§ 42. Sir W. Smithers
asked the Secretary of State for the Home Department if he will, in view of the proposed new 32W rule introduced by the Prison Commission, take steps to ensure that prisoners may retain the right to write to Members of Parliament.
§ Mr. Ede
The change recently introduced does not involve any substantial alteration in the arrangements previously in force. I originally informed the House in July, 1948, that I had authorised the issue of instructions permitting prisoners to use letters from their ordinary allowance to write to a Member of Parliament of their choice, but after experience had been gained of this concession I found it necessary to introduce certain limitations, for reasons which I explained to the House at some length on 29th July, 1949.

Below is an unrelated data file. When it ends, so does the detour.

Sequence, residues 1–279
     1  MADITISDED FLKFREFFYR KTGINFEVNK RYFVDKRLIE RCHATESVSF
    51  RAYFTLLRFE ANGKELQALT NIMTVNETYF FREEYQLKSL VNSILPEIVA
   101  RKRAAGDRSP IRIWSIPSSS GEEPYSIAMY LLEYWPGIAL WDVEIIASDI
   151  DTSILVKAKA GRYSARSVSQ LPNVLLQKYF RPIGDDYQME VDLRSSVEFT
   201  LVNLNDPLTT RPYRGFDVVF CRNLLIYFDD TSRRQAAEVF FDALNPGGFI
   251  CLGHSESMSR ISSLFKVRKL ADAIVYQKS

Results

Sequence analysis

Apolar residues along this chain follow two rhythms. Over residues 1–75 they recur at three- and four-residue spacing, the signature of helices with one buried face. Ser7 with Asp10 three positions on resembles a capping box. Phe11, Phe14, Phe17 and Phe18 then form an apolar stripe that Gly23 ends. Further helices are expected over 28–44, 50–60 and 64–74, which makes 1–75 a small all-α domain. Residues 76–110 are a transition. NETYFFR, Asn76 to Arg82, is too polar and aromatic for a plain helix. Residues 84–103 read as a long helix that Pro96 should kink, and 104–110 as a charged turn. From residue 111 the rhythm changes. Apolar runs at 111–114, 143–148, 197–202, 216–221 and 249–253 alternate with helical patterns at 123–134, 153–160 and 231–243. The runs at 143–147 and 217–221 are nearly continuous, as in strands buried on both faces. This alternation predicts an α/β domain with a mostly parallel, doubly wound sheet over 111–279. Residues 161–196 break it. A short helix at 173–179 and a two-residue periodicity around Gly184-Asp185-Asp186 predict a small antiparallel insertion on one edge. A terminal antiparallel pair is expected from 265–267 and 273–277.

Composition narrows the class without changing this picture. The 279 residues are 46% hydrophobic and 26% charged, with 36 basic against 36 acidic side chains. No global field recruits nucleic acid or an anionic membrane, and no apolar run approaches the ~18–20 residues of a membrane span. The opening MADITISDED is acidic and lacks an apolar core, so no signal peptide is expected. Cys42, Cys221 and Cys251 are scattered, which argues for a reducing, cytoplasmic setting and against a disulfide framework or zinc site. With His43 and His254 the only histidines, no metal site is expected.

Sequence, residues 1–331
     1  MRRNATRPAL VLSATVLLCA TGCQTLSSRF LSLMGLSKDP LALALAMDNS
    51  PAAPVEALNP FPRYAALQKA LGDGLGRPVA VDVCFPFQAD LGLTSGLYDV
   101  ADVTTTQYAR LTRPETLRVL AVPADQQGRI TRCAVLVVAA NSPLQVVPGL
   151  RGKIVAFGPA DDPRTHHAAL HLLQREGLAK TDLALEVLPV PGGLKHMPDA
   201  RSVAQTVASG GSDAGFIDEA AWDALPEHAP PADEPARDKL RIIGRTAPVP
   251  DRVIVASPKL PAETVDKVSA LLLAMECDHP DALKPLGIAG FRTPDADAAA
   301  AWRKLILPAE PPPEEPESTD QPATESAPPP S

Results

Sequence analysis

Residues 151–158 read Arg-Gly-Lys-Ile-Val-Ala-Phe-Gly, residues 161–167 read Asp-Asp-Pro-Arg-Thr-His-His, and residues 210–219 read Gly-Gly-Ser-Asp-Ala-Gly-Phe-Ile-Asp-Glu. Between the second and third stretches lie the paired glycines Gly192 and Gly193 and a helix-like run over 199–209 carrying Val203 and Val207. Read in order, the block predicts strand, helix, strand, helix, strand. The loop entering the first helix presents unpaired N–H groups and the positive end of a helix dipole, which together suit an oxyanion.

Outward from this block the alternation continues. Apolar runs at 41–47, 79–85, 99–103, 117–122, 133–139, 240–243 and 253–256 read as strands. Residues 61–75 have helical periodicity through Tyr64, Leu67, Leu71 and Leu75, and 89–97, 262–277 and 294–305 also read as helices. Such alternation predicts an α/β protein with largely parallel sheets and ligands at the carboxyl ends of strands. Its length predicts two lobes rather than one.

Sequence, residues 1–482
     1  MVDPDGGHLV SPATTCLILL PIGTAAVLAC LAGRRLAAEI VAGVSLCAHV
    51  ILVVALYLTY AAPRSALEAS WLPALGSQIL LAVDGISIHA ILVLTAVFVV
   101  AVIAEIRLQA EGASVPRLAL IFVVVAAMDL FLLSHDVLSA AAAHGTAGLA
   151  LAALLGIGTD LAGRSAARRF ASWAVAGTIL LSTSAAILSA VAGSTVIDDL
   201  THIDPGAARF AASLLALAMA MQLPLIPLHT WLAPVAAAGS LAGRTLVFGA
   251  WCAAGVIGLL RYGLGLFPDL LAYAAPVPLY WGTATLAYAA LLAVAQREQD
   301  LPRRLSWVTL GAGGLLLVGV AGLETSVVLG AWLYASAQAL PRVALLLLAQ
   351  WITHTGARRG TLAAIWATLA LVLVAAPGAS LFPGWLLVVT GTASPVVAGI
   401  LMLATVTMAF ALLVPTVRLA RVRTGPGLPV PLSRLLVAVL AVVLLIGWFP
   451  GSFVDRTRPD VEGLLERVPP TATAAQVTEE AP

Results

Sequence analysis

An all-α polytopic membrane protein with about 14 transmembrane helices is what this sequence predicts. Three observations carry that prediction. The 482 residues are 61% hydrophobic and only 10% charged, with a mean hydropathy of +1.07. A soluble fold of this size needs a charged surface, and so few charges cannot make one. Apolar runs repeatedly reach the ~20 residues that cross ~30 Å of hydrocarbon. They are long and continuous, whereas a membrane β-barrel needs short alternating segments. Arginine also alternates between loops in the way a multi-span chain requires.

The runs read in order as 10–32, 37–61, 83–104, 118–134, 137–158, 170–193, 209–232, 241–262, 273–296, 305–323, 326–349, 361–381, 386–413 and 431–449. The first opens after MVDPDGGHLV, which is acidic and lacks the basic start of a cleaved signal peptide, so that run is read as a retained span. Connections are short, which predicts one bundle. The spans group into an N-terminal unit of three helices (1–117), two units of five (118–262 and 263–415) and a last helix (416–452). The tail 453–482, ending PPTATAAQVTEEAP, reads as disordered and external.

In particular, a prisoner was not in future to be allowed to make complaints about his prison treatment in a letter to a Member unless he had already exhausted his rights of making the complaints through one of the appointed channels by which such grievances can be considered and redressed. It subsequently appeared that these new instructions left a prisoner in a position to make with impunity malicious and unfounded allegations against prison officers in a letter to a Member if those allegations did not relate to the prisoner's treatment in prison, and a clarifying instruction was issued on 28th March last to secure that allegations against prison officers, whether or not they also constituted complaints about prison treatment, should not be made in letters to Members unless the allegations had already been investigated.